Costa de la Luz

It was an Irish Times travel article on Tarifa that opened my eyes to the possibility of a beach holiday on Spain’s Atlantic coast. And whilst I never reached Tarifa – the beach looked far too windy for sunbathing – I discovered the gorgeous sandy beaches of the southern section of the Costa de la Luz, the Coast of Light and Spain’s best kept secret.

And it was this secrecy surrounding the area that made the holiday a difficult one to plan. Where would I stay? What were the best beaches? Was it expensive? With little information to hand I simply scrolled along the coast on Google Satellite and took a gamble on Conil de la Frontera as a base, an excellent choice as it transpired. Conil de la Frontera, a seaside pueblo blanco* 25-30 miles south of Cádiz city, has been a fishing port for centuries. It blends its old heritage with contemporary cosmopolitan to perfection and is hugely popular amongst Spanish holidaymakers of all ages. The lack of international tourists meant brochures and menus were only in Spanish. Nor can I remember speaking anything other than Spanish to locals.

Plaza de España, Conil de la Frontera

And as excellent the restaurants, cafes and bars may be, Conil is all about the beach. And there are miles of it, subdivided into playas, running an almost uninterrupted stretch down to Cabo de Trafalgar (Cape Trafalgar), the site of the 1805 battle of the same name. In a strange coincidence, a relative of Cuthbert Collingwood’s was said to have lived in the house that my father grew up in. Collingwood was second in command of the British Navy at the Battle of Trafalgar.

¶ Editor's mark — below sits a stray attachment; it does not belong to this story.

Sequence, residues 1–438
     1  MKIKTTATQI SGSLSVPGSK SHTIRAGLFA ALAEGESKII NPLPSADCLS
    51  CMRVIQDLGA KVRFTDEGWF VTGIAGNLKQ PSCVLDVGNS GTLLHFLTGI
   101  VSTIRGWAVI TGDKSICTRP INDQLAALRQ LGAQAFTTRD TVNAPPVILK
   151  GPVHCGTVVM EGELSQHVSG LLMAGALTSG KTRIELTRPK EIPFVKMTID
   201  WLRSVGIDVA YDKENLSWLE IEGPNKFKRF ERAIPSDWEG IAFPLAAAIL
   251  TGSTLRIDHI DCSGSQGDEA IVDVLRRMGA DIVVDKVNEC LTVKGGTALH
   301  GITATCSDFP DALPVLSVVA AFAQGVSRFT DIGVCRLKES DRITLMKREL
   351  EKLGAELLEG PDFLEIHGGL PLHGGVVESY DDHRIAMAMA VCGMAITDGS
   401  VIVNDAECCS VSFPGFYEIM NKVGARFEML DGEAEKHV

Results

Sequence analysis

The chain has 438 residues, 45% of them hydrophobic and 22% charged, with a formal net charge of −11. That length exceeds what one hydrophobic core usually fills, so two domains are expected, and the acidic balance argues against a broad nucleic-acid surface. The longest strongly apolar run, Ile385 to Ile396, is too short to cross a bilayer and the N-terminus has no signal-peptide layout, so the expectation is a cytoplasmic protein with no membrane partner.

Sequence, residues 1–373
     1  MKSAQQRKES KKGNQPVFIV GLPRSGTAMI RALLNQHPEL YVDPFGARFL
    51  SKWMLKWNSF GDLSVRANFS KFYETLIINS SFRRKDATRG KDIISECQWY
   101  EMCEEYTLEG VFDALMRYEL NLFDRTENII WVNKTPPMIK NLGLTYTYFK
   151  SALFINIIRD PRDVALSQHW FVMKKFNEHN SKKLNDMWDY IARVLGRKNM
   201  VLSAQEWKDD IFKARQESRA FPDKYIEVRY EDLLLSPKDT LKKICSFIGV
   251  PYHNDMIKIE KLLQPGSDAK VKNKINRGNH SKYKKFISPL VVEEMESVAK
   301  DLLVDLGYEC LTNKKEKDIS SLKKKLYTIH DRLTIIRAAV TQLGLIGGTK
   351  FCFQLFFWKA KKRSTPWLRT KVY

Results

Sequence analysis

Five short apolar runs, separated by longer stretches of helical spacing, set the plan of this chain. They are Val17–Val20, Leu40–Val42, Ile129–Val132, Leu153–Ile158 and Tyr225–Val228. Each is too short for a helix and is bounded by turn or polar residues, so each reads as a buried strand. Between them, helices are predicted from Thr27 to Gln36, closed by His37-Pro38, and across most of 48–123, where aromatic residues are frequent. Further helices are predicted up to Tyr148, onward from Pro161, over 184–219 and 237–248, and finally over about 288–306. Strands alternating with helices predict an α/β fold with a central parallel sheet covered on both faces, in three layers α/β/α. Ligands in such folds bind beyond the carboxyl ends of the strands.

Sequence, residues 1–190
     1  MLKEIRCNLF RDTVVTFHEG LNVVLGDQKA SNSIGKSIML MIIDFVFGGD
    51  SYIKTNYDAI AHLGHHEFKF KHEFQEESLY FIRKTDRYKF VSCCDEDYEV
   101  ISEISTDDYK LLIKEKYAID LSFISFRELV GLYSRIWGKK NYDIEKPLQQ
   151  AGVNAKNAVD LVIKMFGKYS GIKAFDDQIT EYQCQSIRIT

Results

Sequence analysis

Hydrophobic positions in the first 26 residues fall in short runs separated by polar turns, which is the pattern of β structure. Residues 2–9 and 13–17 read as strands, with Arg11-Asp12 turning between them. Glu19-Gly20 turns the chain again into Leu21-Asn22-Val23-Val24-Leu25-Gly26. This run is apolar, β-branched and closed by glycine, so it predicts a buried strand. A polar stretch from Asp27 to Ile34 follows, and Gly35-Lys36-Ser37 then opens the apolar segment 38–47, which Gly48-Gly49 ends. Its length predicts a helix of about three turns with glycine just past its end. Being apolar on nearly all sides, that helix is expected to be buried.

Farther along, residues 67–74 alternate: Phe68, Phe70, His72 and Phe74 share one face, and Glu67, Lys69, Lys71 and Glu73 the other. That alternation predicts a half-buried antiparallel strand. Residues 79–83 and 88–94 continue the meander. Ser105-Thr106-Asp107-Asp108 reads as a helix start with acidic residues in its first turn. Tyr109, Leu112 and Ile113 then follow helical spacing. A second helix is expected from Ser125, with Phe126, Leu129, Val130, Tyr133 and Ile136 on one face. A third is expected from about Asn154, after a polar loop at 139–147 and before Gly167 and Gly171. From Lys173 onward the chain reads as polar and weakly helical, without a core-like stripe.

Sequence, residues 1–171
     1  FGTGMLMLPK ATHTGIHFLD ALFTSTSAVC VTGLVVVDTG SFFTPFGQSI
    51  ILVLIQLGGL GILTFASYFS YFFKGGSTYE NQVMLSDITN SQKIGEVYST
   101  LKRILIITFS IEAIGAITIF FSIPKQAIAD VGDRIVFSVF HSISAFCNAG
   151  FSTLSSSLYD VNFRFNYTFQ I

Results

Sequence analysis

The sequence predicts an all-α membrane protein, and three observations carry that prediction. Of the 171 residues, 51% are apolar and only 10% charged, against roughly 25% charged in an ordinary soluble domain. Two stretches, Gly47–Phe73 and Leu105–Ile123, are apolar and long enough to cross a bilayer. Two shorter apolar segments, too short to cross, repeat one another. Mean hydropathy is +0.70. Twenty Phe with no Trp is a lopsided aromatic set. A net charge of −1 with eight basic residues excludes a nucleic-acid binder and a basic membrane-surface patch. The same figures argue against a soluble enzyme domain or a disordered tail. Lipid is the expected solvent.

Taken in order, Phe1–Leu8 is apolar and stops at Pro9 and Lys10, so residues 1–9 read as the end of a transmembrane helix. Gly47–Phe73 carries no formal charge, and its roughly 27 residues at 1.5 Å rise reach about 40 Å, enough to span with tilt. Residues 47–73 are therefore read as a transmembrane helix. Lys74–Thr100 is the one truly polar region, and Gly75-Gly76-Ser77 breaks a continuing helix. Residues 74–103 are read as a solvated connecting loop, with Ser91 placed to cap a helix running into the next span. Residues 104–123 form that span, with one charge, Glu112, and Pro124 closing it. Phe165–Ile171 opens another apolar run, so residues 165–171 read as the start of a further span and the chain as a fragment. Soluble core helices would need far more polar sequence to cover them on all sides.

Playa de los Caños de Meca with Trafalgar Cape & Lighthouse in the distance

Los Caños de Meca is the nearest urban settlement to Cape Trafalgar. It has a hippy-feel but not as many cafes, restaurants etc as Conil. Between Cape Trafalgar and Conil de la Frontera the long stretch of beach is known as El Palmar and Zahora.

El Palmar (north)

The drive from Los Caños de Meca to Barbate goes through the pine forest of the Parque Natural de la Breña y Marismas del Barbate and has fine views of the coast from the summit. This park has excellent hiking opportunities particularly along the coastal cliffs. Barbate’s fishing industry is quite industrialised and the town more built-up than Conil.

Zahara de los Atunes was a considered choice for a base. And whilst it is blessed with fine facilities and a gorgeous beach it just lacked the atmosphere that Conil had in abundance. Playa Arroyo Cañuelo, south of Zahara, was another beautiful beach although it involved climbing through a pine forest and had no facilities upon arrival.

Playa de Zahara south end – Zahara de los Atunes

But in terms of gorgeous beaches I’ve saved the most scenic till last. Bolonia is a substantial drive from Conil but it was worth it. Therapeutic mud is to be found at the southern end of Bolonia but, to be honest, this view of Bolonia was therapy in itself.

Bolonia beach

Despite being part of the Atlantic, the beaches of the Costa de la Luz were warmer than expected but gradually became windier the further south one ventured. The only thing I would change about my visit was the manner in which I reached Conil. Jerez is the nearest airport with Seville quite reasonably distanced also. Flying into Faro Airport in Portugal is perfect for Huelva province, the northern Costa de la Luz, which forms the Spanish border with Portugal. What I wouldn’t recommend is flying into Faro to reach anywhere on the southern part of the Costa de la Luz as it’s not possible to take a short-cut along the Huelva coast into Cádiz – Parc Nacional de Doñana blocks that route. Lesson learned for the next visit!

* A traditional Andalucía ‘white village’

© Hazel Joy 2017